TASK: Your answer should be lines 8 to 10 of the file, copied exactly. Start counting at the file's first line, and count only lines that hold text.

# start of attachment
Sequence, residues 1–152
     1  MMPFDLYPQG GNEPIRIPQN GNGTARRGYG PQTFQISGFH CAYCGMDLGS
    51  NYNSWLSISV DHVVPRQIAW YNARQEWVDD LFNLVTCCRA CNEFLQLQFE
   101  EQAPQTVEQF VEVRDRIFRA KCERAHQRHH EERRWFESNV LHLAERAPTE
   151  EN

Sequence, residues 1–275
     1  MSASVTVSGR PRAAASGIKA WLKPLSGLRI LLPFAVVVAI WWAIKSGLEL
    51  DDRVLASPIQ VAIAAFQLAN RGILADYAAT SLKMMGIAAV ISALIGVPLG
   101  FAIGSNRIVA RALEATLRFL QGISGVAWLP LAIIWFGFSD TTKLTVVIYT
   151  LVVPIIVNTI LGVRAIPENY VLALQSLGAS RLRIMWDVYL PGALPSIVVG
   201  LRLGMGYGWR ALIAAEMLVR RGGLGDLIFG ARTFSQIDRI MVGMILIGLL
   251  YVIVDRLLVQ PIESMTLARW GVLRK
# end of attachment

    51  DDRVLASPIQ VAIAAFQLAN RGILADYAAT SLKMMGIAAV ISALIGVPLG
   101  FAIGSNRIVA RALEATLRFL QGISGVAWLP LAIIWFGFSD TTKLTVVIYT
   151  LVVPIIVNTI LGVRAIPENY VLALQSLGAS RLRIMWDVYL PGALPSIVVG